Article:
Here, where life and death walk together, neither laughter nor tears have to be checked at the door. Whole families come and stay for breaks before the final days arrive, continuing with play and school, and when that final time comes, they return here to a place where they already know themselves loved and cared for. In between, they can call from home in the middle of the night and find a familiar voice ready to help. And after their child dies, families continue to receive care.


Now, when I run past, I give thanks. I see in my mind a pair of great Hands cupping the whole estate, and I feel welcomed in through the open gate, into that place of knowing myself held. I feel the tenderness in those hands, the strength, the love that is stronger than death. I relax and breathe more deeply, soaking in the peace that comes from knowing that these families are being cared for, that I am too, and my own family. That no matter what comes, we will be held. I can breathe in the world’s pain, and then let it go into the hands of the One who has already lifted it and let it crush him and has come out the other side, strong and vibrant and still perfectly loving, and always ready to care—often through human hands (whether they know it or not)—for all of us in all of our pain.

The surprising secret to learning endurance


How do I keep going? At some point, all of us will probably ask this question as we face one situation or another that seems to go on and on: the challenging marriage, the noisy neighbors, the work or the pain or the child or the pager that keeps us up all night.
How do we hang in through the challenges and let them do their work in us, not breaking us, not making us bitter, but pushing us closer to Jesus and deeper into God’s love?
There’s a place for discernment: Am I being asked to stay in this situation? Is there some change I’m being invited to make, some attitude or belonging or position I’m being invited to let go of at this time?
But often the challenges come in work to which we’ve been called, a relationship to which we’ve committed, or a situation that arises unbidden and must be lived: the illness, the eviction, the normal phases of personal and family life.
How, then, do I learn endurance?
I’m surprised by words in a passage I long ago memorized. How have I not noticed them before?

“[I]f we are comforted, it is for your comfort, which produces in you patient endurance of the same sufferings we suffer” (2 Cor 1:6, italics mine).

I’m learning what Paul knows: Determination might be able for a while to produce gritting-my-teeth endurance, but only the comfort of being loved and accompanied can produce patient endurance, that kind of love-based endurance that “always protects, always trusts, always hopes, always perseveres” (1 Cor 13:7).
The startling implication keeps rolling around in my head: We develop endurance not by trying harder but by learning to receive Love’s comfort.
I usually think of endurance as the opposite of comfort. I endure discomfort of one sort or another, and when comfort finally comes, I would no longer say I’m enduring; it feels more like relief or pleasure. But this is one more place where God’s thoughts are not mine, where he turns my perceptions and assumptions up-side-down. Or, rather, right-side-up. The world’s comfort is a comfort that cannot co-exist with suffering. It has to drown it, fix it, or remove it, and therefore it leaves me alone and helpless in the face of suffering, still fearing suffering and trying desperately to fix it. God’s comfort, on the other hand, comes from finding myself loved and accompanied in the suffering. The worst part of suffering is its loneliness, so the more deeply I know I am loved and accompanied, the more fear releases its hold on me.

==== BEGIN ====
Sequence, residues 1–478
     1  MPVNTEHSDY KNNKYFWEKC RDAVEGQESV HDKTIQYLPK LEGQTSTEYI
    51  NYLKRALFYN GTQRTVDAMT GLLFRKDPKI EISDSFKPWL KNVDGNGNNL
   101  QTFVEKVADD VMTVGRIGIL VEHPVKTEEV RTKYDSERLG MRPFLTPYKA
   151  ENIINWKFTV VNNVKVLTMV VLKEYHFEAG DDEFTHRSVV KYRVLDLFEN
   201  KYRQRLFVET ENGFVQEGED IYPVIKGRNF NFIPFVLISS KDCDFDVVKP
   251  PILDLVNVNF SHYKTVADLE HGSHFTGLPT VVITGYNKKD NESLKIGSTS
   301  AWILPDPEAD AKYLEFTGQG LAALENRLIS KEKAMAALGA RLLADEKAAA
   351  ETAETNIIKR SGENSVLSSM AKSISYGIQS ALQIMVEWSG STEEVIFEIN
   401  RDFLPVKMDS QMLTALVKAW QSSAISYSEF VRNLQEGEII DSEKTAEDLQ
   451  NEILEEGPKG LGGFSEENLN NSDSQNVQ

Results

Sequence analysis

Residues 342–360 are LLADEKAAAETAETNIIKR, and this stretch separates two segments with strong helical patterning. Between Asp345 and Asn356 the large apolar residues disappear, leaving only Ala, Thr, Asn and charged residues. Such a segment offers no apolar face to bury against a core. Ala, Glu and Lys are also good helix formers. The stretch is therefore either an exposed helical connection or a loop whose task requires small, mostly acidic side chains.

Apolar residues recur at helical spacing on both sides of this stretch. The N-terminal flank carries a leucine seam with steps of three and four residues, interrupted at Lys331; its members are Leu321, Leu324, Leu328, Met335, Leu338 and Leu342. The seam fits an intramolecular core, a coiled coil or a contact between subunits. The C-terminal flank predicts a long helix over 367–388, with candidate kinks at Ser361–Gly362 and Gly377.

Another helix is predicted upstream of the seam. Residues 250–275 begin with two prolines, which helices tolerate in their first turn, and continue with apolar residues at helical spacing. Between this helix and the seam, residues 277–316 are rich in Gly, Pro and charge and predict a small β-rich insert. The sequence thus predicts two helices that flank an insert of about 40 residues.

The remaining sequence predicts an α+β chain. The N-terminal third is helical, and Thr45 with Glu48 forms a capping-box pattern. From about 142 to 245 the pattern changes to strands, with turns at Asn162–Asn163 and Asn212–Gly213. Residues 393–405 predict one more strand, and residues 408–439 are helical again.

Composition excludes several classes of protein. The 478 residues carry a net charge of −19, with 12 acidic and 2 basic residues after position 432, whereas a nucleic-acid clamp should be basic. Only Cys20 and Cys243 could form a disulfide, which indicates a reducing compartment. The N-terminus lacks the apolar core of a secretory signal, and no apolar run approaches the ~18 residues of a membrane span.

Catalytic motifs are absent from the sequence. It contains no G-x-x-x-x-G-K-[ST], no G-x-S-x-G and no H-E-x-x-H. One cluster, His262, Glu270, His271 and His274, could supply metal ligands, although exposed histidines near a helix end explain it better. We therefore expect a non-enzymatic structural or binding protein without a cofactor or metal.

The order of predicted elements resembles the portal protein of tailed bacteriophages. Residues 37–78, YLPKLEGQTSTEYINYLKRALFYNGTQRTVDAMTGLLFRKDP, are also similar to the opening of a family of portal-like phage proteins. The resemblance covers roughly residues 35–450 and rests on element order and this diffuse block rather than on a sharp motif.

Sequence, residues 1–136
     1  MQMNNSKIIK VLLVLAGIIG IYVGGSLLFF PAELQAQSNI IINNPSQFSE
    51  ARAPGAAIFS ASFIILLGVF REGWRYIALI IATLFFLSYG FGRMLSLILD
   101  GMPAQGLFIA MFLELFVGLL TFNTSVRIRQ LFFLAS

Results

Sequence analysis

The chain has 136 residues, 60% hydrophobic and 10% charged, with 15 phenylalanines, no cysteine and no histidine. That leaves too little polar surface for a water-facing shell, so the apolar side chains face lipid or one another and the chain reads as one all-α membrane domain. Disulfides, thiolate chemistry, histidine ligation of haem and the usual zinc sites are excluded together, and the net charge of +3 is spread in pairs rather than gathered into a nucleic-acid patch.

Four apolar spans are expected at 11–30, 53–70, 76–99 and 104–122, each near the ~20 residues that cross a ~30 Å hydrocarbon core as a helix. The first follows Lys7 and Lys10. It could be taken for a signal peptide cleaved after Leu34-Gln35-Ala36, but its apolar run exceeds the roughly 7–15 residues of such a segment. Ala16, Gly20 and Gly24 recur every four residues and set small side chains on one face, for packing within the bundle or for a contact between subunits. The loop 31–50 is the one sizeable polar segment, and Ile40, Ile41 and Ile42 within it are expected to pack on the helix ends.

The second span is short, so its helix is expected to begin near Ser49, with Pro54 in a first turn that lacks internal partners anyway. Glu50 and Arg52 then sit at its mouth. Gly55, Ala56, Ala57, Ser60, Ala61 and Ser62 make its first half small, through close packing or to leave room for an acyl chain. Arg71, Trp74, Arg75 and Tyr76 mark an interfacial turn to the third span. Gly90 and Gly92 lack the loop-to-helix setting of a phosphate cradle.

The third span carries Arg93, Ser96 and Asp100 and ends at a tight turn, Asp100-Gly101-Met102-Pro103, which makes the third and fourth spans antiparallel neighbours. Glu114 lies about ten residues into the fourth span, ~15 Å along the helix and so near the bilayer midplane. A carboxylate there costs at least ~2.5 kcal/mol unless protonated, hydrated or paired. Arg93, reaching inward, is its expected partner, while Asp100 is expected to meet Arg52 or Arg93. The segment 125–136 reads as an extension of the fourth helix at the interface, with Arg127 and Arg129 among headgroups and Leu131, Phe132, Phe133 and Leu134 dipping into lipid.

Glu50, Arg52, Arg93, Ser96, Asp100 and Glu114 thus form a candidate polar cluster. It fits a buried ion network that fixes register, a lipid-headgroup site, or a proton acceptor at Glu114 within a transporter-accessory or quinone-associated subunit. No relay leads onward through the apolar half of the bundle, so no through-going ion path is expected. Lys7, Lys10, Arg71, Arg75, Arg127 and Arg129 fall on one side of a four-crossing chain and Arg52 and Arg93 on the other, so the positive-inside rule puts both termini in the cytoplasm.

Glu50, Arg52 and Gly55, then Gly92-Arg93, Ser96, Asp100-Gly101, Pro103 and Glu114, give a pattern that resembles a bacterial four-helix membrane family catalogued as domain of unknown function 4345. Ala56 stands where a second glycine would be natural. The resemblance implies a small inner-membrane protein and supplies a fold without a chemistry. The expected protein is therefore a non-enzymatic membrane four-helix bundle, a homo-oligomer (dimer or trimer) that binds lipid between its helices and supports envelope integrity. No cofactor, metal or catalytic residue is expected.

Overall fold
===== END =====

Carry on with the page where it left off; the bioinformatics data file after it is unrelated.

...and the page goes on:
“Even though I walk through the valley of the shadow of death, I will fear no evil, for you are with me, your rod and your staff they comfort me” (Psalm 23).

How, then, in my real daily life, do I learn to receive God’s comfort?
Often it’s a matter of just showing up. When I make the space to come, I find Jesus waiting to comfort me through a few words of Scripture, a lightening of the burden as I hold it out to him, or a simple sense of his presence.
But sometimes there are other barriers: my own fear or anger or sense of failure, or a sense of God’s absence without me knowing why.  What then helps me receive God’s comfort?

  • Reminding my heart that God is the Father of compassion and the God of all comfort (2 Cor 1:3). I’m not bothering him, not being wimpy or a failure when I come again for comfort. He wants me in his arms.
  • Being honest with myself and God about my emotions. I can’t receive comfort if I’m trying to hide. (And when it feels too hard to be honest, I can at least be honest about that and receive Jesus” gentle love in that place.)
  • Paying attention to the small things. God is creative and often sends comfort in the hug of a friend, the words of a song, or a few quiet moments with a mug of lemon-ginger tea. As I notice and savor these small gifts, writing them down and turning them over in my memory, I settle a little more deeply into trusting His love that is new every morning.
  • Asking God how he wants to meet me in this place. Sometimes the answer comes through the memory of Jesus’ own suffering and the reminder that someone who understands is walking with me. Sometimes it comes through a few words of Scripture that stand out, or a picture that shapes itself as I prayerfully ponder whether there’s a picture that portrays how I’m feeling.

Over these months as I’ve been waiting to find my new home, I’ve felt like the ground beneath my feet has been removed. (Apparently at least some of where I was finding my security wasn’t so solid!) A picture came of myself suspended in midair, with nothing beneath my feet, my arms clinging to God because he was all I had to cling to. But as I sat recently with the friend who helps me listen, she wondered aloud whether there might be further gift for me in that picture. We sat in silence together, asking Jesus if there was a gift he wanted to give, and my attention was drawn to new parts of the picture. Before, I’d noticed only my arms clinging to Him; now I could now see His strong arms around me. I’d been so focused on the empty space beneath my feet that I hadn’t noticed that I was held, nor realized that I am much safer where I am than standing alone on my own small feet. As the search for housing continues and I seek to learn patient endurance in this place, I’m returning often to this picture, listening again and again to God’s comfort, “It’s okay, little one, I’ve got you.”

 
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Photos (in order) by Emma Simpson and Echo Grid on Unsplash.